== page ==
“Humankind is now facing a global crisis,” writes Yuval Harari – historian, philosopher and best-selling author of Sapiens: A Brief History of Humankind. “The decisions people and governments take in the next few weeks will probably shape the world for years to come.”

Harari applies his brilliant mind to simplifying humanity’s most important two choices in a riveting essay for the Weekend FT. “The first is between totalitarian surveillance and citizen empowerment,” he says. “The second is between nationalist isolation and global solidarity.”

Any guesses where I and our team at the Atlantic Council come down? Read More →


Sorry, America, the Full Lockdown Is Coming
Laurie Garrett / TIME

American science writer Laurie Garrett, who won the Pulitzer Prize for chronicling the Ebola Crisis outbreak in DRC, writes a primer for TIME on how best to prepare for a months-long siege of an epidemic that will require sheltering at home.

“Politicians won’t admit it yet, but it’s time to prepare – physical and psychologically – for a sudden stop to all life outside your home,” she writes. “…You need to think hard and fast about two crucial questions: Where, and with whom, do you want to spend the next six to 12 weeks of your life, hunkered down for the epidemic duration?” Read More →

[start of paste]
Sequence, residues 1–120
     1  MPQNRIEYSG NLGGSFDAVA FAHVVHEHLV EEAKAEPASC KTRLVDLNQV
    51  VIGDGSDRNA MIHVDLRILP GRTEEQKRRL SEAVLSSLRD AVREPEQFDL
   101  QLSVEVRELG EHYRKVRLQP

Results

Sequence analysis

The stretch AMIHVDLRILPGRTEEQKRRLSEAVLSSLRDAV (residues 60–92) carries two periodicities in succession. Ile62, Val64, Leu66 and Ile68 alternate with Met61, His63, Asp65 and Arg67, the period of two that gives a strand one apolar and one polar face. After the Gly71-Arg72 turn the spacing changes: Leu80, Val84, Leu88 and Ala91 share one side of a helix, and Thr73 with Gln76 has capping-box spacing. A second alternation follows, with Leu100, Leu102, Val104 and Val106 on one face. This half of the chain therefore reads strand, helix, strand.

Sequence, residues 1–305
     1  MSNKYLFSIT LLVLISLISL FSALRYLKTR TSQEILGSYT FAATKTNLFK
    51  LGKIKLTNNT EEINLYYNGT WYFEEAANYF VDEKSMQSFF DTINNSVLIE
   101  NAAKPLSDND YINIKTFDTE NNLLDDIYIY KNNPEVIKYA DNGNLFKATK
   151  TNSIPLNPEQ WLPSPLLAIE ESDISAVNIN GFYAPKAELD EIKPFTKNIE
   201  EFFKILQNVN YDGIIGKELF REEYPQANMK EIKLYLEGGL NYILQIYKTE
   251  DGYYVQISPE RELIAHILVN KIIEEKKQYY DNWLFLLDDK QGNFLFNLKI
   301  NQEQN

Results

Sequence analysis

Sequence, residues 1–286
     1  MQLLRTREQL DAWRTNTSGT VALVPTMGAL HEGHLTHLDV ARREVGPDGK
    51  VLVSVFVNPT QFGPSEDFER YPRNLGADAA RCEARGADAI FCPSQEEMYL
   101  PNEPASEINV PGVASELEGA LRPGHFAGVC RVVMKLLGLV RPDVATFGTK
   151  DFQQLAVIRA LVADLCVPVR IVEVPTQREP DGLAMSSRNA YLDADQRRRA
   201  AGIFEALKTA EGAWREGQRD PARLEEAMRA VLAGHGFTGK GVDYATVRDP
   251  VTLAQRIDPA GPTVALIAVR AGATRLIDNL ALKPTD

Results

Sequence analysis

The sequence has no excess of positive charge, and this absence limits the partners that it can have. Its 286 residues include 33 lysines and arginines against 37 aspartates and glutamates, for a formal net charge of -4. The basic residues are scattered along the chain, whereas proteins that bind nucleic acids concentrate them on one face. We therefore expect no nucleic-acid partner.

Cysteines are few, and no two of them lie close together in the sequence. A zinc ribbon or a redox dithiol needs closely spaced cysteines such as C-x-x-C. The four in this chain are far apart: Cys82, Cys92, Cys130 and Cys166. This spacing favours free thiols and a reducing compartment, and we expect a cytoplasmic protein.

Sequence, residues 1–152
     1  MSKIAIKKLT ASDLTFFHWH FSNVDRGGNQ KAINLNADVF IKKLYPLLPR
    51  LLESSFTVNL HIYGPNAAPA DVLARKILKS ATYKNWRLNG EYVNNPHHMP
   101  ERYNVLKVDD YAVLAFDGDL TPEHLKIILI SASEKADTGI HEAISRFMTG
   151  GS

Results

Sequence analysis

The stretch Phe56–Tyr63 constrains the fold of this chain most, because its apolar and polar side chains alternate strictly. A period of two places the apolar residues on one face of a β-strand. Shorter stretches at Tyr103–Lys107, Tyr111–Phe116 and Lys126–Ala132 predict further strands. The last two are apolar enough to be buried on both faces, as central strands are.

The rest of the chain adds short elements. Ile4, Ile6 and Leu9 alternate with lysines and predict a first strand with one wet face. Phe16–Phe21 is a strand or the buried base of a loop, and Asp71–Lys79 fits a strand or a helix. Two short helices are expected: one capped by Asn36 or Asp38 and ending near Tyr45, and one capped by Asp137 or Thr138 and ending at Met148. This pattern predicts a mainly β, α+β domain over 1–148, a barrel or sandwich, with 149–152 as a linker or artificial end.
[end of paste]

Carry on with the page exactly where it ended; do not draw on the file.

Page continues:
This Is Not a Recession. It’s an Ice Age.
Annie Lowrey / THE ATLANTIC

The Coming Coronavirus Recession
Mohamed A. El-Erian / FOREIGN AFFAIRS

“No one alive has experienced an economic plunge this fast,” writes Annie Lowrey, economic journalist at The Atlantic. “What is happening is a shock to the American economy more sudden and severe than anyone alive has ever experienced.” Read More →

Writing in Foreign Affairs, Mohamed El-Erian pronounces a global recession, and that’s probably the best news as he describes what the “new, new normal” might look like after COVID-19.

“Deglobalization and deregionalization will accelerate,” he rewrites, “redefining worldwide chains of production and consumption. Public-and private-sector emphasis on cost effective and efficient supply lines will give way to excessive risk aversion and resilience management. And economic tools …will be weaponized more frequently as national security trumps economic concerns.”

As always, effective global collaboration could bend that future more positively. Read More →


In Italy, Contagion Has Its Own Canon

Need a cultural escape from today’s epidemic?

Then how about studying the bounty of art, literature and culture created during previous plagues?

Francis Rocca in the WSJ (accompanied by breath-taking illustrations) reports on how Italian students, quarantined in their homes, are studying works that have described and portrayed local and continental epidemics from the mid-14th to the early 18th century.

After reading Alessandro Manzoni’s classic 19th century novel, “the Betrothed,” capturing the drama of 14th Century bubonic plague, 18-year-old Lucio Marazza reaches the right conclusion. “Manzoni teaches the importance of holding together human relations and the social fabric,” he says. Read More →




Image: A worker unloads boxes of protective face masks from an Air China plane carrying medical supplies donated by the Chinese government, in Athens, Greece, March 21, 2020. REUTERS/Alkis Konstantinidis